KITCHENER, Ontario â In an encased display of vintage hockey sweaters and memorabilia, Dustin Tokarski finally finds what he has been searching for.
“You see that?” the Spokane Chiefs goaltender asks, pointing to a photograph in the upper left corner of the exhibit.
Pictured are the winners of the 2006 TELUS Cup â Canada’s national midget hockey championship. Tokarski was in net when the Prince Albert Mintos won that year, and for some time now he’s been on the hunt for a reminder of that event at the Hockey Hall of Fame.
“If you look at No. 4 right there, and then look down, you can see my (goalie) pad, right there,” he says while pointing to a small gap of space behind one of his former teammates. “That’s awesome. I’m in the Hockey Hall of Fame.”
Soon all of the Chiefs could be.
If they win their final game of the season Sunday in Kitchener, Ont., they will bring home the Memorial Cup â the biggest prize in North American junior hockey. It’s a trophy that the 60 teams that make up the Canadian Hockey League â an umbrella group to the Western Hockey League, Ontario Hockey League and Quebec Major Junior Hockey League â set their sights on each season when training camps open at the end of August.
The Chiefs went 3-0 in their round robin schedule â beating the Belleville Bulls and Kitchener Rangers of the Ontario Hockey League and the Quebec league champion Gatineau Olympiques â in the process of earning a berth in the final.
But before business resumed with practice and preparation on Friday, the Chiefs were able to take in some of the area’s sights. On Thursday the players were bused to Toronto â an hour from where they are staying in Kitchener â where their day began with lunch at Wayne Gretzky’s restaurant and a visit to the Hockey Hall of Fame.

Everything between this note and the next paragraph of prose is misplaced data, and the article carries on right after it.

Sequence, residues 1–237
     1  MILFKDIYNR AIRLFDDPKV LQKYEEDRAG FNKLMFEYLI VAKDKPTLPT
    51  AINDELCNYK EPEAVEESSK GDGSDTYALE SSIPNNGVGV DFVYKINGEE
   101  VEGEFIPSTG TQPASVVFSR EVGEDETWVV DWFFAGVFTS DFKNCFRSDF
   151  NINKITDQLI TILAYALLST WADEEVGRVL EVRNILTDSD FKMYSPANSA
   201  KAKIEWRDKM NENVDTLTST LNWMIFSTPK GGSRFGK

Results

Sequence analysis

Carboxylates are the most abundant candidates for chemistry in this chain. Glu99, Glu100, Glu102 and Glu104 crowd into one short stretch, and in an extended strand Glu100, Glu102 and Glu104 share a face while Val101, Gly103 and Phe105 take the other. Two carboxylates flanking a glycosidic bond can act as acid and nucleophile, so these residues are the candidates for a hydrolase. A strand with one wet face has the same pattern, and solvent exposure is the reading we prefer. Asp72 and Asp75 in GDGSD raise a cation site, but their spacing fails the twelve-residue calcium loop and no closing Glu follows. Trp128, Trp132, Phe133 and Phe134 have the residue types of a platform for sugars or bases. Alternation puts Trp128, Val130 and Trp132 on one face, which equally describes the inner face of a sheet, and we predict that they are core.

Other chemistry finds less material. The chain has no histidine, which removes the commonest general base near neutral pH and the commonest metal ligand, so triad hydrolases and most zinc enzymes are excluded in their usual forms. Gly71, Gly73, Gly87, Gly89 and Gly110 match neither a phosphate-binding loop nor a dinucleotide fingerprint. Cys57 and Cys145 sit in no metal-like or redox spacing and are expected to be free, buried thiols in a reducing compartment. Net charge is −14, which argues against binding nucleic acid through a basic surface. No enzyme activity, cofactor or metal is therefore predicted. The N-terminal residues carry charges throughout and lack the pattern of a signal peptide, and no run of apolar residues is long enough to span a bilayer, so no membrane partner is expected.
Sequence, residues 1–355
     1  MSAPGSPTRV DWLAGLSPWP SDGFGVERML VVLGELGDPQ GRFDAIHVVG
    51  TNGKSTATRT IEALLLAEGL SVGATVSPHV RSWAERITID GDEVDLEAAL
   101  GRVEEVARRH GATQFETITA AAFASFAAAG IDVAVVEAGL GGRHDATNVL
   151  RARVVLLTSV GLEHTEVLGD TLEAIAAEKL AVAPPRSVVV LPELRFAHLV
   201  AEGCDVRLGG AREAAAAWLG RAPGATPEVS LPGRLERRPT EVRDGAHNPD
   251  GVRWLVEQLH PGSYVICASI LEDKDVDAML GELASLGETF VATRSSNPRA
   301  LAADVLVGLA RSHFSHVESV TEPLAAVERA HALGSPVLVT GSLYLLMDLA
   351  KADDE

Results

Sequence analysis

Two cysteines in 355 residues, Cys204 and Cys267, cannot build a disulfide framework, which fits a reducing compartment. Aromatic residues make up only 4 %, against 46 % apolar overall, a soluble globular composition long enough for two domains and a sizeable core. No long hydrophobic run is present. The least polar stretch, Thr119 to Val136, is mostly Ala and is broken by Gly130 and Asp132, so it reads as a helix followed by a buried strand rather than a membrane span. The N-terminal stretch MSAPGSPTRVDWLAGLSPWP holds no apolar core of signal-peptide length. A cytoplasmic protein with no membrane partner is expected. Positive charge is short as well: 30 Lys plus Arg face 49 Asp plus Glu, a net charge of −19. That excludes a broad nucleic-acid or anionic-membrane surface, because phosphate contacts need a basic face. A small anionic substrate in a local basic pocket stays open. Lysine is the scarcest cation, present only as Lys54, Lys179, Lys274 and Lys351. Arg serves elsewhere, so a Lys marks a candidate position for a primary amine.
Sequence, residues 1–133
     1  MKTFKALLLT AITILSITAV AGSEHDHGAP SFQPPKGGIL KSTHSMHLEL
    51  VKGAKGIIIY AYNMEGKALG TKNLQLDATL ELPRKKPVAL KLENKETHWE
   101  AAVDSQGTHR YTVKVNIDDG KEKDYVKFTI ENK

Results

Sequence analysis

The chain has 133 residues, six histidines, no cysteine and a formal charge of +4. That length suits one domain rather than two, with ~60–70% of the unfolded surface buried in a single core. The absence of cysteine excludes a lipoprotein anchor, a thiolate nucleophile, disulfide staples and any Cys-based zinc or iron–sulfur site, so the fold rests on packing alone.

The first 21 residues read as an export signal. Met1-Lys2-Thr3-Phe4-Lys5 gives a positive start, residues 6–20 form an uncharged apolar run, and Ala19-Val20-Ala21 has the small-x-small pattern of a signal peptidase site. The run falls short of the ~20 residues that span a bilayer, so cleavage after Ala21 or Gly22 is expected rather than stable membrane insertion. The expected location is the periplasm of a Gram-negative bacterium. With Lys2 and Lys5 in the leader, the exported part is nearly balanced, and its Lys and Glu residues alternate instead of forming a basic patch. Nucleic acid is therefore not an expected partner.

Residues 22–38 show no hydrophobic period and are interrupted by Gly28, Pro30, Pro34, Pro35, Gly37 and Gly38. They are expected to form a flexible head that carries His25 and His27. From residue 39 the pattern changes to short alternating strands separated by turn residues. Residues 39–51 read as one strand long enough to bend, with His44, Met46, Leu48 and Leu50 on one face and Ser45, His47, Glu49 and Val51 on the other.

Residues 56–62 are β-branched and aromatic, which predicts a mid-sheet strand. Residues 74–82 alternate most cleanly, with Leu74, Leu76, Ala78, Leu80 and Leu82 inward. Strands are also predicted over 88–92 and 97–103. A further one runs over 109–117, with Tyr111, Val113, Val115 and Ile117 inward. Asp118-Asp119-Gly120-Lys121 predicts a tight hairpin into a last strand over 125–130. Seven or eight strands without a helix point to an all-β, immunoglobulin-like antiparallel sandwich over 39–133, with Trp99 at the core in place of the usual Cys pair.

“It is my second time here and I’m just reliving the moment,” 19-year-old defenseman Justin Falk said in the trophy room. “It was a dream to come here as a kid, and looking at the Norris Trophy just makes you want it that much more.”
The team also took in the Toronto Blue Jays game against the Los Angeles Angels on Thursday night.
Players weren’t exactly incognito, though. During the third inning a cameraman came by, and a minute later the Chiefs appeared on the 807-inch Jay’s Vision screen â the largest in Canada â and were announced to the estimated 22,000 fans in attendance as Memorial Cup finalists.
“It was fun,” said Chiefs forward David Rutherford, who was decked out with teammates Trevor Glass and Justin McCrae as self-proclaimed “super fans.”
“A couple of us went all out and bought some hats and foam fingers. It was real fun,” Rutherford added. “The whole day was awesome. It was one of the best days we ever had as Spokane Chiefs. We couldn’t have asked for anything more at this point of the week.”